“The Nightmare and the Dream”

 

Tompkins Square Park by Q. Sakamaki

powerhouse Books, 2008

 

Reviewed by Michael Carter

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“Tompkins Square Is Everywhere!” was one of the more profanity-free rallying cries in the battle against the forces of gentrification, waged in the alphabet blocks of the East Village from the late 1980’s into the mid-‘90’s. Q. Sakamaki’s searing and lyrical document of that struggle, Tompkins Square Park, provides intimate glimpses into the daily lives of the homeless who were encamped in and around the Park, and captures as well the then-raging conflict between neighborhood activists and police, which ultimately resulted in the expulsion of the homeless and the preponderance of squatters from the neighborhood, eventually ushering in an era of ultra-gentrification, sapping all but dry what was once a bubbling cauldron of cultural creativity. Dried up like a homeless encampment soup pot in the Park. Dead or long dispersed, as so many of the participants in these photographs. That East Village was a dangerous, messy and often altogether thrilling place, which now only exists in memories, a handful of videotapes, books such as Clayton Patterson’s Resistance, Seth Tobocman’s graphic-history War in the Neighborhood, pastel drawings by James Romberger and pictorial essays such as these. Sakamoto’s gritty B&W photos vividly capture the desolation, desperation, pathos, and even promise of an alternative subculture uneasily situated within Tompkins Square Park and environs, and the actions of a local police force that sought its demise.

            As someone who remembers well many of the subjects and actions depicted in these full-page bleeds, what is most compelling about Sakamaki’s numerous riot scenes (annotated, as are the rest of the photos, in a pictorial index) is the degree to which they present an ongoing struggle comprised of multiple skirmishes. Memory tends to blur the many late nights and precise faces of the participants on the barricades in Avenues A and B, as well as the particular “cause” of each protest. In this respect, these photos are an invaluable mnemonic aid: The abstracted fiery gyre on the book’s cover references a 1989 action for affordable housing for the homeless, but pretty clearly I remember being one of the protesters visible in the periphery, locked arm in arm behind that huge bonfire in the middle of the street, shutting down Avenue A much of the night, ‘til The Man forcibly removed us. Sakamaki assays that battle, as well as protesters arrested in the aftermath. Likewise, his empathetic pictures of the homeless in the Park, bring back faces and names, especially of the resident-activists of Tent City in the Park itself and later “Dinkinsville” (a lot off the park the homeless were allowed to inhabit after eviction from the park): mostly black activists like Keith Thompson, the late Terry Taylor and Ron Casanova, who sought autonomous housing and services for the Park homeless, or Tya Scott, who was burned out of her squat on 8th Street. (Of course a fair number of Hispanics were amongst the park displaced—such as the Puerto Rican poet Jorge Brandon aka El Coco Se Habla—and many were active in the squatter resistance, but Latino housing activists did not as a rule become involved in the early Tompkins Park struggles, except for some of the more civil protests and marches.)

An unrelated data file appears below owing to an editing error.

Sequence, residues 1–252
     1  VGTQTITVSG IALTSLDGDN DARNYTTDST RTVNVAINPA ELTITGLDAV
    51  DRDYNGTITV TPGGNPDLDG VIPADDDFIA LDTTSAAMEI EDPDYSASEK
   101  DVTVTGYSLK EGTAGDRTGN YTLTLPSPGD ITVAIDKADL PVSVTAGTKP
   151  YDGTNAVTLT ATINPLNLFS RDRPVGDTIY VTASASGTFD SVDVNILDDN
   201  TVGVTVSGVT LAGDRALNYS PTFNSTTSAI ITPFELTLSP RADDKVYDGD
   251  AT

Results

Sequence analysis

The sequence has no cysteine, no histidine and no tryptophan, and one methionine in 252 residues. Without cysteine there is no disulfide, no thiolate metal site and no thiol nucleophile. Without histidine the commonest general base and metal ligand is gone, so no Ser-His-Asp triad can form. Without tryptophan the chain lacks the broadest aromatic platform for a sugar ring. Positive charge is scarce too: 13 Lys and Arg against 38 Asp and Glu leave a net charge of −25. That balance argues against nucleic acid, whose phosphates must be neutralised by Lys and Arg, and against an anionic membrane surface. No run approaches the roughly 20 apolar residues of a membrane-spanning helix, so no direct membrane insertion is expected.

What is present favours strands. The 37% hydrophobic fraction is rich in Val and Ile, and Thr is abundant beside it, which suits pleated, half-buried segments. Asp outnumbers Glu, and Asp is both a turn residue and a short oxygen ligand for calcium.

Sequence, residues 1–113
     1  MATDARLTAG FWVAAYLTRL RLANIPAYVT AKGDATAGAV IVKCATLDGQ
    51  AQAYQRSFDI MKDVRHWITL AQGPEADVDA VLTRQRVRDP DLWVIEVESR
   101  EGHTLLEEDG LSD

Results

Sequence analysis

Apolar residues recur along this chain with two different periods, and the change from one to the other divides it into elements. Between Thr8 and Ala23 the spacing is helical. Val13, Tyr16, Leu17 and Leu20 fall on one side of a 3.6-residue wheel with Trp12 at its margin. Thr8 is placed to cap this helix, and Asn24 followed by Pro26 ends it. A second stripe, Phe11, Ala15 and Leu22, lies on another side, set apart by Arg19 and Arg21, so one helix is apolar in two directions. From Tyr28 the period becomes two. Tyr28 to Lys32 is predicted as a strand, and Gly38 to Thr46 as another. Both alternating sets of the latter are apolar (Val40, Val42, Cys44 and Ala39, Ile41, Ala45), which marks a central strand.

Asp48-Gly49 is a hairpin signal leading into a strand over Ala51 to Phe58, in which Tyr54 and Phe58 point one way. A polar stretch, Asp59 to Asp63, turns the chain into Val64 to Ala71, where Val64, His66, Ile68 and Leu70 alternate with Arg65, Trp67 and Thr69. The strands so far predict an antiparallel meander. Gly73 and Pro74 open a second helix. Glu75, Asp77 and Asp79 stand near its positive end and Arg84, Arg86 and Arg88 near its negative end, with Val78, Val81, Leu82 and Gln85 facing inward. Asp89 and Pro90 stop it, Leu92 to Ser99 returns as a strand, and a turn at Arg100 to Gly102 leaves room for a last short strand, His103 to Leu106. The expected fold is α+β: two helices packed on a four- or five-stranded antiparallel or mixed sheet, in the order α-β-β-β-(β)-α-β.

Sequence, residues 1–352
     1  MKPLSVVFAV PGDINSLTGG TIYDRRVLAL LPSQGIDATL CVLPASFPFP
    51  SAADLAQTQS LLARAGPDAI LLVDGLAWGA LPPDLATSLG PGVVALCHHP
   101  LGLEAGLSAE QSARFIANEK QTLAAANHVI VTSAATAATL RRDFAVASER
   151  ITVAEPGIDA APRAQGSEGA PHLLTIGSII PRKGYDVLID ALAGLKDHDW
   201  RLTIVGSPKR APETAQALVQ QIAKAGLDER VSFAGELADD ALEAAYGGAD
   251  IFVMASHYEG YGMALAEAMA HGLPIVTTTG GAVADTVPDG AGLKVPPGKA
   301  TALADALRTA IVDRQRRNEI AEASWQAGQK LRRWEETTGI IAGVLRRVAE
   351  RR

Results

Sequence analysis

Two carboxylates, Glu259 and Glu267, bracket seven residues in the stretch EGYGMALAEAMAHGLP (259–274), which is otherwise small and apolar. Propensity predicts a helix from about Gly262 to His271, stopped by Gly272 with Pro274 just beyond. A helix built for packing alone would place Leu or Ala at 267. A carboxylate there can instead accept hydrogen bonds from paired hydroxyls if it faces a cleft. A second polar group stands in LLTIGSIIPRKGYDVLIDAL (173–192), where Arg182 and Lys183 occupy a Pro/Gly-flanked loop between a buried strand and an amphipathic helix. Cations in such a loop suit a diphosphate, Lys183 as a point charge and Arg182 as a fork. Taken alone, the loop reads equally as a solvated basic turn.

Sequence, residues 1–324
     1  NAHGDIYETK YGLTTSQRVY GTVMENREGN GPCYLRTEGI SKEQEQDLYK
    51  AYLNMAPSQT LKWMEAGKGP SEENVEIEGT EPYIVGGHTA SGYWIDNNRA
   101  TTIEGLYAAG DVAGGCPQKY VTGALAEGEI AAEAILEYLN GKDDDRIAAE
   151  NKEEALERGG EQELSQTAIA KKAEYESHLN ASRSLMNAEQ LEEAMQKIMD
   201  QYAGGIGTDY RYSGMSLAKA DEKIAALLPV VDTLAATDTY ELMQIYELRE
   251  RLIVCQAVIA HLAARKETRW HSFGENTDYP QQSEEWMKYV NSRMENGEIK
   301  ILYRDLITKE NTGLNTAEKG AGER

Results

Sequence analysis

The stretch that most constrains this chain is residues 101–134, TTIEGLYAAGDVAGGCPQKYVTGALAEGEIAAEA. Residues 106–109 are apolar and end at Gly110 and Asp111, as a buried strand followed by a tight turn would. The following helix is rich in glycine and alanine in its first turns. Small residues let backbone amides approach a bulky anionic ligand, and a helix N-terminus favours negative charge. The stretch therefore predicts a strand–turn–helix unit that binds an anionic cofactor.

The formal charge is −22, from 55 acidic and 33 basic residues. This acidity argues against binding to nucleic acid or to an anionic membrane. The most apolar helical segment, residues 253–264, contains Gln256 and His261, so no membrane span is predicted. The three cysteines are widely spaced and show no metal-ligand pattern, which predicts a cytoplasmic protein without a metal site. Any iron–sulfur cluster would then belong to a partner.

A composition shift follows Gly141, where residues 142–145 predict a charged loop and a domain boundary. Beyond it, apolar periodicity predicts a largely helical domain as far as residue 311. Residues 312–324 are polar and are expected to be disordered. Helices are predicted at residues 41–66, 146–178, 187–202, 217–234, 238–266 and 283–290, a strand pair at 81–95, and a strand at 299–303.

There also many shots of the cadre of (largely white) artists, musicians and politically-activist squatters who rallied to their defense, not only with protests but with public events such as 1991’s “Resist To Exist” at the now-demolished Tompkins Park bandshell--where no less than Jimi Hendrix and the Grateful Dead held forth in the’60’s. There, international luminaries like poet Allen Ginsberg and The Fugs’ Steven Taylor performed, as well as musicians of more local notoriety such as Stephen Ielpi and the False Prophets (along with David Peel, the East Village’s in-house protest band), and the ever-incendiary Missing Foundation. Q. also exposes the mostly concealed, bandanna’d faces of the more violent protesters and provacateurs, caught behind battle lines with their arsenals of empty bottles, and in full bombardier mode. While most protests surrounding Tompkins Square had peaceful aims and constituted non-violent resistance, it was these self-styled anarchists or their stooge stand-in’s who invariably set off clashes with the police, and Sakamaki’s photos utterly capture the queasy thrill of those dangerous moments. (But Sakamaki also gives us images of mostly white ladies arm-locked around the park in peaceful protest of the Tompkins Park curfew. The cops too make some compelling cameos, and one particular plainclothes cop, shown tackling a protester, brings back ugly memories.)